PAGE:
Sep 13, 2016

A-Class North Americans 2016 @Newport: Matt Struble leads

Matt Struble (2015 NA Champ) leads the 2016 A-Class NorthAmericans being held at Sail Newport 4 races races completed. Second place for Lars Guck and 3rd for Moth World Champ/Nacra 17 Olympic sailor Bora Gulari.
Matt is racing his own designed/built platform with Dna foils. Need to confirm Lars yet, but he should be on a custom also and Bora racing a Dna F1. Bailey White, AD3  (3rd 2015) had 2 dnf for the day with rigging issues it seems.
Bob Hodges is sailing a case modified Exploder A14 with Z5 foils and new rudders.
Edit: Lars replied: He is saling a Melvin A3 he built himself at his  Lars Inc boat shop in Bristol. Foils also built by him designed by Andrew Gaynor.

Really good having Matt sailing his custom platform, being telling many friends that now with proven foils older boats can be retroffited or modified, you don´t need to spend a fortune on a new platform if you are on a budget. Of course Matt's platform has to be reliable and solid to be performing, and you need to design & build it right if you go for your own custom, but it is not mandatory to buy a new boat to lead a big regatta, like say a North Americans?

Eitherway, custom or production you need to be as talented as him, Lars , Bora  and the rest to fight for the title.

There is always a group of sailors buying new boats (when any Class is going to a positive drive) thus filling the market with cheaper used options. Investing in new foils is relatively cheap, and cutting your sail will not get you bankrupt.

Official web: - Report available at USACA fb. Edit: Results just published at
More info and pics when available. Photo left not from the event: Matt's custom platform equipped with a Glaser Deck Sweeper.

Edit: Official Report below results just came in by Mike Levesque, which is also the PRO of the regatta.

Top ten below: Full results here
Pos Sail Sailor
Sub D 1 2 3 4 Tot
1 37 Matt Struble Foiling 1 1 1 1 4
2 58 Lars Guck Foiling 2 2 3 2 9
3 61 Bora Gulari Foiling 5 3 2 3 13
4 44 Larry Woods Foiling 7 4 4 4 19
5 39 Bob Hodges Foiling 3 8 6 6 23
6 47 Matthew Keenan Foiling 14 5 7 5 31
7 56 Andrew Gaynor Foiling 13 7 5 14 39
8 10 Ken Marshack Classic 9 12 8 11 40
9 50 Tracy Oliver Foiling 8 11 17 8 44
10 57 Andy Kolb Foiling 12 13 10 9 44

Day 1 (Monday):

After the lengthy AP ashore, the wind did a 180 at around 1400, enabling the fleet to sail out without being towed. The wind filled on the course as the first boats arrived.

After a short delay (rescuing a capsize and helping a mark boat with a wrapped prop), we started the first race in 10-13 knots of wind, 2-lap course with a distance of 1.2 NM. 9 boats retired, due to breakdowns and damage from collisions. Several capsizes as well. The leading foilers finished in about 30 minutes.

With similar breeze, we stretched the course for Race 2 out to 1.4 NM. Due to a cargo ship transiting through the left side of the course, we held the start, then got them going. Three additional boats didn't start, and two more retired. Lots more capsizes. The foilers still finished in under 35 minutes!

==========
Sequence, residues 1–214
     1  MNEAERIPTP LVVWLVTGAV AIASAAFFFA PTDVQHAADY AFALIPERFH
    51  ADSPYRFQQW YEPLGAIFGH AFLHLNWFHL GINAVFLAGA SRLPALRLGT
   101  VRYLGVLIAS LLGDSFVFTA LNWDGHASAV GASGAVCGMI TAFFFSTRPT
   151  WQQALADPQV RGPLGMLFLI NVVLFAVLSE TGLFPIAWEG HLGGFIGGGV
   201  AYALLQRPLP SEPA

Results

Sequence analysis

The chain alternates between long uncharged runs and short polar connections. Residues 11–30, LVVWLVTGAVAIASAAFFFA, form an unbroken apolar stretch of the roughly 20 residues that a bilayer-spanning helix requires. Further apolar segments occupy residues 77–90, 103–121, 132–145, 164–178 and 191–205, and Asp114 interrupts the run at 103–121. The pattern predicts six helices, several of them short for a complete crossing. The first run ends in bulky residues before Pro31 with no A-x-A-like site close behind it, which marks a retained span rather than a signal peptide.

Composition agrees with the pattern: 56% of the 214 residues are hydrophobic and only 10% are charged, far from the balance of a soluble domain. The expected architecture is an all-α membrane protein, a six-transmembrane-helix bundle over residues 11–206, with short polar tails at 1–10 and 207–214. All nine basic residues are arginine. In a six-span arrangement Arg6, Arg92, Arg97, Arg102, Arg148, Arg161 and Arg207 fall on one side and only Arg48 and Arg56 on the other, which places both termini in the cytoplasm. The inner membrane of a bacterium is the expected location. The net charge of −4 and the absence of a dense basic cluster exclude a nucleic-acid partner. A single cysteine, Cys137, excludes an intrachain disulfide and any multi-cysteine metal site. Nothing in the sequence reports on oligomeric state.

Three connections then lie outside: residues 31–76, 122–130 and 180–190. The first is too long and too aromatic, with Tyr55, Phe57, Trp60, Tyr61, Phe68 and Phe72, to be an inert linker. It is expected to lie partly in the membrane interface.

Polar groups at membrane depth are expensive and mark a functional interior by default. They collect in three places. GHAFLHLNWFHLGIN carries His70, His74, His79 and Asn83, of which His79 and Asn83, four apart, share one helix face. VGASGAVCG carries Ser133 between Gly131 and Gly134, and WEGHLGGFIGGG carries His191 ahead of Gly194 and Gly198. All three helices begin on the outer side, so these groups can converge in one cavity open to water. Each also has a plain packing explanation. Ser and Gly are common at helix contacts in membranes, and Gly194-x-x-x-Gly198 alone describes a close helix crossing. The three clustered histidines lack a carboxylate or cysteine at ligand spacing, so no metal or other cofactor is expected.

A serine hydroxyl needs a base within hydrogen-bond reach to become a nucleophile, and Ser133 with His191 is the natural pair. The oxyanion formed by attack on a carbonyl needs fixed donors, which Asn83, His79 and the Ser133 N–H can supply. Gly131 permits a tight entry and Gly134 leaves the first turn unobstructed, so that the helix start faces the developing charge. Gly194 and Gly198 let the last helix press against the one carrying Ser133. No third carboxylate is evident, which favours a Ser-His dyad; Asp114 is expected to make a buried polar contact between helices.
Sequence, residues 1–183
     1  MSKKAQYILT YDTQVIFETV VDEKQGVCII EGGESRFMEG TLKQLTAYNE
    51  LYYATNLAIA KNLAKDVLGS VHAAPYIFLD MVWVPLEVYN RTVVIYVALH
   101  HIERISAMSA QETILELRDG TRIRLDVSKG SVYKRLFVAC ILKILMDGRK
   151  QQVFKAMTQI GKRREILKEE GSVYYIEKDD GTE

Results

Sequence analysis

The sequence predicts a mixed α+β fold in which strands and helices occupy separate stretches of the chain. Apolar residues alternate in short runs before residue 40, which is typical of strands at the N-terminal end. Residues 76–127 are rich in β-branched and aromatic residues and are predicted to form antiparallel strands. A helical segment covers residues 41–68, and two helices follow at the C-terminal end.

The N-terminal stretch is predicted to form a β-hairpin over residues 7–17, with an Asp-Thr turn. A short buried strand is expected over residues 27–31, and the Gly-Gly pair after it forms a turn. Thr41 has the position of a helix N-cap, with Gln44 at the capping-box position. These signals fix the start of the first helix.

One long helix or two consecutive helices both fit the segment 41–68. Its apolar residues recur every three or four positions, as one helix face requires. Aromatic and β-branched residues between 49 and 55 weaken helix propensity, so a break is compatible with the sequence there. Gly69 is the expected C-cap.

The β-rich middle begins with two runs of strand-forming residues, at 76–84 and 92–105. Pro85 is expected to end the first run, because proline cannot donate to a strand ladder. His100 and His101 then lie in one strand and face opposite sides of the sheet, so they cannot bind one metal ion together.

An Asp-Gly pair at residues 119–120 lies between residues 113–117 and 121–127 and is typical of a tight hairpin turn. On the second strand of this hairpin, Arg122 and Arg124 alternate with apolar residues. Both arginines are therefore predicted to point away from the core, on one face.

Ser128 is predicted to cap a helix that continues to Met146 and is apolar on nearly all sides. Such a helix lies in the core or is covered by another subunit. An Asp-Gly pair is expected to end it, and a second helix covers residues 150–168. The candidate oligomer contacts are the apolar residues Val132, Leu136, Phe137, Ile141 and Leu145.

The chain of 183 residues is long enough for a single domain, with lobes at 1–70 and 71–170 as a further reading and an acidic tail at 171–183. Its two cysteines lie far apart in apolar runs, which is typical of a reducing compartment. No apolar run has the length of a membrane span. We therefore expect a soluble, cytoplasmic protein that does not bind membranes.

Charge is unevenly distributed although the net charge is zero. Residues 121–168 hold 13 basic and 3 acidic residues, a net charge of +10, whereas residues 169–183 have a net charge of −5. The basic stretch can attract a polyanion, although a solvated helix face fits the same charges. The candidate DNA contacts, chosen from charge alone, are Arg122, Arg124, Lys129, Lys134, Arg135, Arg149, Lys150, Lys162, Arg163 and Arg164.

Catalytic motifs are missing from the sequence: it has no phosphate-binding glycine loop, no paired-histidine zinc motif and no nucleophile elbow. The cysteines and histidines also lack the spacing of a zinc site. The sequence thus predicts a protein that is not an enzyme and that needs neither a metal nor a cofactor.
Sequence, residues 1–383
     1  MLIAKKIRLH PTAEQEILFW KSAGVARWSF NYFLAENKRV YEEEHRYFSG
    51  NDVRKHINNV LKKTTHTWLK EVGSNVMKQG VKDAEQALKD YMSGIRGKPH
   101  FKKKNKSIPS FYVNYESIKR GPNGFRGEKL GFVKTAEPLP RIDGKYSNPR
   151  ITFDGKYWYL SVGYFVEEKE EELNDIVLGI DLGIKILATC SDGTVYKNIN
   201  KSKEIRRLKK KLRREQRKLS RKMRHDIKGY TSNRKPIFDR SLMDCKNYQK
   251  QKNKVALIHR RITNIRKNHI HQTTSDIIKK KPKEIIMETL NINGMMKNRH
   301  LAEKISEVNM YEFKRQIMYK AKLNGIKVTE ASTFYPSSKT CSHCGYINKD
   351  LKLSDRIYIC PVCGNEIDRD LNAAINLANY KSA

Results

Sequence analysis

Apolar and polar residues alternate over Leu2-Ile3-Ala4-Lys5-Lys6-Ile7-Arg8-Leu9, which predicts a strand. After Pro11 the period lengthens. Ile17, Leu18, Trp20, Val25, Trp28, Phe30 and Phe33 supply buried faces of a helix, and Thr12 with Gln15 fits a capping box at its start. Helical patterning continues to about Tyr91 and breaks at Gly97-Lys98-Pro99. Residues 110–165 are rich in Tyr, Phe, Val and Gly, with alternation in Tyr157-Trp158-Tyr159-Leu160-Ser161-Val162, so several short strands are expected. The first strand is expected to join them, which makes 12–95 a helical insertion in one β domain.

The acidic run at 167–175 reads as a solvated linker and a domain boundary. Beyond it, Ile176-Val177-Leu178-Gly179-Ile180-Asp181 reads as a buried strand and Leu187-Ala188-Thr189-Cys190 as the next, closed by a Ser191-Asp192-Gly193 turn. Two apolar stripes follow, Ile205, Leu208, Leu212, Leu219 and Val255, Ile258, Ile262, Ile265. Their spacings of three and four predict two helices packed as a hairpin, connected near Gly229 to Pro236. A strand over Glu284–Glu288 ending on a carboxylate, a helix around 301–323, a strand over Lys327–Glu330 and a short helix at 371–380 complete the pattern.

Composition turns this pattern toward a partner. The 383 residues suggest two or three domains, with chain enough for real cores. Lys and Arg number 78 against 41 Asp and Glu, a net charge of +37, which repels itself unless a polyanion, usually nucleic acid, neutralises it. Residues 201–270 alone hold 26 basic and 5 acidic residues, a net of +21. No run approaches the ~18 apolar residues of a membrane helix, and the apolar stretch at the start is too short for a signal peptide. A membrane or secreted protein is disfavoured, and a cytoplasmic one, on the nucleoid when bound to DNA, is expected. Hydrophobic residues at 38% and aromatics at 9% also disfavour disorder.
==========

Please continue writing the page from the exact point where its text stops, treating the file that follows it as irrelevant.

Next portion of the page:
Everyone was smiling at the finish line, as the sun was setting. Then began the journey home, a beat of several miles into a lightening breeze. We spread out and followed the fleet, and posted sentries ashore. The stragglers arrived in the harbor with the last bit of light in the western sky. It was a beautiful evening for a sail...

Day 2 (Tuesday):

After a brief meeting to discuss everyone's enjoyment of the view of Newport Harbor at dusk, and a quick reminder about rocks and safety, we launched and set up a bit further north to set up a longer course for the 15+ knots of wind that greeted us at Halfway Rock.

After a short delay to wait for stragglers, we started Race 3 with 2 OCS boats, but quickly realized that we had a starting flag error, and some of the fleet held back. Clearly unable to successfully general recall the fleet (they were launched), we abandoned and chased them down with every available asset (two mark boats, a safety boat, and two Everglades boats). That drill cost 30 minutes.

Shaking off the embarrassment, we restarted, all clear, with no issues. Course 4, distance 1.6 NM, bearing 195. Leaders finished in 41 minutes, last boat in 55 minutes. Other than a quick M flag to deal with a drifting finish line (which fortunately affected no one due to the spread at the finish), this was a great race.

With lots of attrition (some before the start of Race 3), and a building chop, some sailors approached asking for one more (not the three scheduled). After consulting with the class leadership, and considering the planned party (45 minutes away to Ben's house), we decided to run Race 4 as a course 5, sending them home after an upwind finish.

We adjusted the starting line for a shift to 205, set the weather marks at 1.2 NM, squared the gate, and were ready to go. The AP for this was longer than we'd all prefer, but with the long courses, I'd insisted on the large marks (8 foot tetrahedrons), and with depth of 60 feet or more, nothing gets moved quickly or easily.

Race 4 launched with no issues. Leaders finished in 39 minutes, last boat in 58 minutes. Long upwind sail home, and all were home by around 1630. Very happy sailors in the field afterwards, even over the ever-present drone of grinders...

With similar conditions forecast for today, and no distant party scheduled tonight, we intend to run three races today.


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